• Rick LoPresti

Our thoughts judged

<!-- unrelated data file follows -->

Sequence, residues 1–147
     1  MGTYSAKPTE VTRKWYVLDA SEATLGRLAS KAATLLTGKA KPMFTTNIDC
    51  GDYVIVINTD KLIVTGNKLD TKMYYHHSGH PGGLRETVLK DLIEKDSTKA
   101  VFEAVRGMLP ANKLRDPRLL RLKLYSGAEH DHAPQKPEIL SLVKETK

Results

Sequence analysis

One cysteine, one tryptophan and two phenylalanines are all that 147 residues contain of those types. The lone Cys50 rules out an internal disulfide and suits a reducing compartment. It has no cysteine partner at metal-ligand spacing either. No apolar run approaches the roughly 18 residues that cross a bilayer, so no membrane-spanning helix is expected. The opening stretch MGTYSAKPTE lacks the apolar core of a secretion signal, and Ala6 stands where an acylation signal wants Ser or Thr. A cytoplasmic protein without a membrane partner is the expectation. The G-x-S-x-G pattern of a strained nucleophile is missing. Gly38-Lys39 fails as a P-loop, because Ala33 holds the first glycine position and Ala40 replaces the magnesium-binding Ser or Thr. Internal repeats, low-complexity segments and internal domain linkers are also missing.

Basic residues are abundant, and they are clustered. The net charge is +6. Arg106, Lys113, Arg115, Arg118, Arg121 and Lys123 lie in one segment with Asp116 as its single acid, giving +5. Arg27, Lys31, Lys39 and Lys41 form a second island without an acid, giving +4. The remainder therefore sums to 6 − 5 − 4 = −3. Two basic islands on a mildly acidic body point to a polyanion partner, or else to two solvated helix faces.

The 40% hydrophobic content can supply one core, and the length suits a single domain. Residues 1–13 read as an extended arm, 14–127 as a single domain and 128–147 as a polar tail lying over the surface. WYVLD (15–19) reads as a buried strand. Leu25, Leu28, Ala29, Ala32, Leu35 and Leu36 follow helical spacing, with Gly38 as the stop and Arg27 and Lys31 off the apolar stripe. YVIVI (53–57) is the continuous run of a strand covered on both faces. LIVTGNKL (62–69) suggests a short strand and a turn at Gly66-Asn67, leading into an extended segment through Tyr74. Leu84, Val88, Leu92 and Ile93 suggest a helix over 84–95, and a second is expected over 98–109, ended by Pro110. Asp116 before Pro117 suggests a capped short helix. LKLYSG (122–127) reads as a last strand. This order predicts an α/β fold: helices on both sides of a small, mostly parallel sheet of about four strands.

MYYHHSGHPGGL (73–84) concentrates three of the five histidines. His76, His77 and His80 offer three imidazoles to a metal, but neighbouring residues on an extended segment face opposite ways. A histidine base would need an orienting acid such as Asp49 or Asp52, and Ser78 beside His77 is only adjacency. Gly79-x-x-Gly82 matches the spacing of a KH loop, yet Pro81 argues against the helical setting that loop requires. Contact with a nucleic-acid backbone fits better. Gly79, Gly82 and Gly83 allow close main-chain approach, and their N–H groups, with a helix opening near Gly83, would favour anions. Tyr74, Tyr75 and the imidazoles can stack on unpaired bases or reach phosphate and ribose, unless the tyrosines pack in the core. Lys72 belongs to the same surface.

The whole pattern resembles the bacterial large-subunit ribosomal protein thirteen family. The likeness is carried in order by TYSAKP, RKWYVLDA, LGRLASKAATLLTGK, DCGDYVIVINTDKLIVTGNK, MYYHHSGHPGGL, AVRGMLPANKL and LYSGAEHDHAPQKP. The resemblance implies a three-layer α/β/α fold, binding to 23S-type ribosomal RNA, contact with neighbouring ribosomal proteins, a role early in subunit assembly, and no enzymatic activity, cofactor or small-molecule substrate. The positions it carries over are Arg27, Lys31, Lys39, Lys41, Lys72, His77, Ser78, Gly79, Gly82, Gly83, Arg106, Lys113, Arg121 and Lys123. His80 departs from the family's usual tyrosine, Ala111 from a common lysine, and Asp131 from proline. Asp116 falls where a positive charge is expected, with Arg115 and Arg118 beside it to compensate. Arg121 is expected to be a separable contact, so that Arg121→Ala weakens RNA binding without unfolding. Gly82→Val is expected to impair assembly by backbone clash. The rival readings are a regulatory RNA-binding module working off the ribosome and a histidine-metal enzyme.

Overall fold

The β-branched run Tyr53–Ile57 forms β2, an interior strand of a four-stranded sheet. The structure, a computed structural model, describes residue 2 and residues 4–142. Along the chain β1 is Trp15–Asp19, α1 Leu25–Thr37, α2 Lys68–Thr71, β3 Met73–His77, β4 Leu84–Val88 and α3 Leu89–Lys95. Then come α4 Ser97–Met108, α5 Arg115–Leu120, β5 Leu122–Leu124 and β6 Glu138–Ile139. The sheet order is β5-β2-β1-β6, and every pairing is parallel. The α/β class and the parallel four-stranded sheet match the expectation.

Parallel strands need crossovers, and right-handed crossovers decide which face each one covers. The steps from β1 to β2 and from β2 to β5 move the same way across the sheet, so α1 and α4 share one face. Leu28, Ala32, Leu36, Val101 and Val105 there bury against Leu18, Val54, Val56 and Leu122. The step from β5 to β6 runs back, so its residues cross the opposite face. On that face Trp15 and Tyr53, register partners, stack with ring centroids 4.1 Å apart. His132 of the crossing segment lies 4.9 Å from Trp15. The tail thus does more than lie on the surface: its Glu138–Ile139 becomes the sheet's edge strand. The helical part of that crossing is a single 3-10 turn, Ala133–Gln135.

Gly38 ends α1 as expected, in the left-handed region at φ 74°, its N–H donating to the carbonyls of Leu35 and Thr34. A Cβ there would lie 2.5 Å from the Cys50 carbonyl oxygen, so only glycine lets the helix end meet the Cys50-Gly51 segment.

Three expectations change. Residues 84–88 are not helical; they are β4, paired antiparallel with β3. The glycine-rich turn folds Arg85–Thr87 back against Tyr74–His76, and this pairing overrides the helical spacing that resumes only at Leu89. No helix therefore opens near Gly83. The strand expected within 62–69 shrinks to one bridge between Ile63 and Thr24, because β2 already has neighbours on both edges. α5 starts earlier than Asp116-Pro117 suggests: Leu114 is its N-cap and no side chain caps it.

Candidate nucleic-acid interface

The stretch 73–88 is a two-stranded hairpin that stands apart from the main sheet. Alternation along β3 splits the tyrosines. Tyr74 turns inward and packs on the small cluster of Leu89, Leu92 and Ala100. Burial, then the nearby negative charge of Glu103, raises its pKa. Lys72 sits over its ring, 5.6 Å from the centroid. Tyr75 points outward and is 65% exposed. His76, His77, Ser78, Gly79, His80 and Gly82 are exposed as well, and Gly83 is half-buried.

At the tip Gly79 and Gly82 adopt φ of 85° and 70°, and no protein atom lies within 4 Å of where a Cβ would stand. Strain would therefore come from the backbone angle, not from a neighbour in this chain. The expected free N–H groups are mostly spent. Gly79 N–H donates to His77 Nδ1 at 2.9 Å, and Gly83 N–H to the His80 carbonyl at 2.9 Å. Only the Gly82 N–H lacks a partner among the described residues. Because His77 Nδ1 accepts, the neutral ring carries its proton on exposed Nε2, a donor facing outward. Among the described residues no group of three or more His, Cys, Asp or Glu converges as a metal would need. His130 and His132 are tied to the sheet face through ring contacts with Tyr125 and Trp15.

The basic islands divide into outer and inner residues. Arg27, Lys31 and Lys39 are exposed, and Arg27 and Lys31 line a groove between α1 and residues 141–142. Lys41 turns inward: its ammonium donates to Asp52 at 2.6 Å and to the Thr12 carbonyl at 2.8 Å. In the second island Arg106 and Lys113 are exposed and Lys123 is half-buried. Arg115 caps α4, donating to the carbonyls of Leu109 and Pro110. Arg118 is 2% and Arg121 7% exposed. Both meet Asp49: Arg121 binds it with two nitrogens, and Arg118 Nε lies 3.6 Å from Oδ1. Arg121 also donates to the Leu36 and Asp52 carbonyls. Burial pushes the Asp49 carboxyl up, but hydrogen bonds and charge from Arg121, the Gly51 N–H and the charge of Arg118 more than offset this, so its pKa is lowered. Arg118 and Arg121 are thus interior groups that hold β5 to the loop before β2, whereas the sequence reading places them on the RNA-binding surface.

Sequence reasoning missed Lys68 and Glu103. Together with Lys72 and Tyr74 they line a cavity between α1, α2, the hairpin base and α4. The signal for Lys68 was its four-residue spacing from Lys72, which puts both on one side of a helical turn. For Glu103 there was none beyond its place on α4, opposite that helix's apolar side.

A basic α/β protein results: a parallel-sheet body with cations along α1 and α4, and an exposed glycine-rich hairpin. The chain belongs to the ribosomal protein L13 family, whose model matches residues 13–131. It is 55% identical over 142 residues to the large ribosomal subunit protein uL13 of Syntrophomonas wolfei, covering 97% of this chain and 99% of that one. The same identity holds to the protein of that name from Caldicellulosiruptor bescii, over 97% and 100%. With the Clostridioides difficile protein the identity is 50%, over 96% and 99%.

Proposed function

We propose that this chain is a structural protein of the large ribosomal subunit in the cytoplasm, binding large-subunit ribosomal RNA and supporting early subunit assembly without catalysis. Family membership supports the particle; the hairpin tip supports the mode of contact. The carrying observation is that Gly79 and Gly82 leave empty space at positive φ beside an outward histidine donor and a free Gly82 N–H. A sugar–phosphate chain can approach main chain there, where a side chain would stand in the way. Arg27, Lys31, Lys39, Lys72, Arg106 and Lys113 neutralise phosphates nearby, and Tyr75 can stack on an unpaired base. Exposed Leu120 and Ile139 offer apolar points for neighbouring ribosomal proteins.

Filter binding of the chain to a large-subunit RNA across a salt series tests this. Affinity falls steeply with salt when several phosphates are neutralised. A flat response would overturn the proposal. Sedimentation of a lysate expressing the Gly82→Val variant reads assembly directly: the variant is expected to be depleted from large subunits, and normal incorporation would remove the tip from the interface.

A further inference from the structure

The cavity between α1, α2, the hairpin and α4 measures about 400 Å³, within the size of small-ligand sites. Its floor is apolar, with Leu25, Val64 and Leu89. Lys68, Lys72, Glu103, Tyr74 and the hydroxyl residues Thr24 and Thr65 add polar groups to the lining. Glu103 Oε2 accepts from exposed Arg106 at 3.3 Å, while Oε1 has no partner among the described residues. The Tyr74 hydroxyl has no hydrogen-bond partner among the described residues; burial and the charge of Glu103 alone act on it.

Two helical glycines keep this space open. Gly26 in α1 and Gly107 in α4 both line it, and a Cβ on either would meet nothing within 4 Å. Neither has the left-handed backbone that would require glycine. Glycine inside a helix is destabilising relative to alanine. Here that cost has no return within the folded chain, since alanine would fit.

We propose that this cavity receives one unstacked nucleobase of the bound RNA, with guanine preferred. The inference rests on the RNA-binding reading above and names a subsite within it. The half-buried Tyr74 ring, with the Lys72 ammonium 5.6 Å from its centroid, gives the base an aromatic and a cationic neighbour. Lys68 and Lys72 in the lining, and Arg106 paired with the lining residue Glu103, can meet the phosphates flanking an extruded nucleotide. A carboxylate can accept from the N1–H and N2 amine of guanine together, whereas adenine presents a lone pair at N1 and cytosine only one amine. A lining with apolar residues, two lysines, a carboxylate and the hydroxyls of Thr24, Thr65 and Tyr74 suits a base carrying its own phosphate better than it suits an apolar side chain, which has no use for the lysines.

Some people such as Calvinists do not believe individuals will be judged for their actions. Others believe they will be judged for their actions only, but not for their thoughts. The Bible says God will judge our thoughts because our thoughts are our inner being (Gen 6:5, Deut 15:9, Ps 94:1, Ps 139:23-24, Prov 15:26, Prov 24:9, Prov 30:32, Is 55:7, Jer 6:19, Mt 5:21-22, Mt 15:19-20, Lk 16:15, Acts 8:20-22, Rom 2:15, 1Cor 4:5, 2Cor 10:4-6, Heb 4:12). However, this does not include every passing, carnal thought which is not fostered. For example, practically speaking adultery of the thoughts does not apply to every momentary thought, but that which is dwelt upon and followed, developing the fantasy (Mt 5:27-28). To lust after means to covet (Ex 20:17). To notice that your neighbor has a nice house is not the same as coveting it. What we dwell on in our thoughts will eventually become what we do. What we think and what we do defines who we are, no matter how we try to justify ourselves in our own eyes and disconnect ourselves from our actions. Someone who commits murder is a murderer. Someone who steals is a thief. Someone who commits adultery is an adulterer. This is also true of righteousness (1Jn 3:7). All acts start out as thoughts. That is why a legal defense such as temporary insanity can be disingenuous. If temporary insanity is legally defined as a brief state of mind in which the defendant is incapable of knowing the wrongfulness of their acts, then it could be argued that almost everyone who commits a crime in a moment of passion is to be exonerated. While there may be mitigating circumstances surrounding their actions, they cannot make such excuses before God. God knows there is almost always a conscious decision before acting, even if that moment is brief. It could be argued that it was foolish to fail to consider the ramifications of acting on that thought, but the only way to be absolved before God is to repent and obey the gospel of Jesus Christ (Acts 2:38). The heart of man is evil by nature (Jer 17:9-10, Mt 15:19). That is why salvation truly begins when the word of God enters our hearts and begins to change us from within, leading to outward changes (Mt 13:18-23, Heb 8:10, Heb 10:16). In conjunction, God also fills our hearts with His Spirit to make us partakers of His divine nature (Gal 4:6, Col 1:27, 2Pet 1:1-11). Then His nature can be expressed through us instead of the sinful one (Gal 5:19-23). Then we can look forward to the coming of the Lord instead of dreading it.

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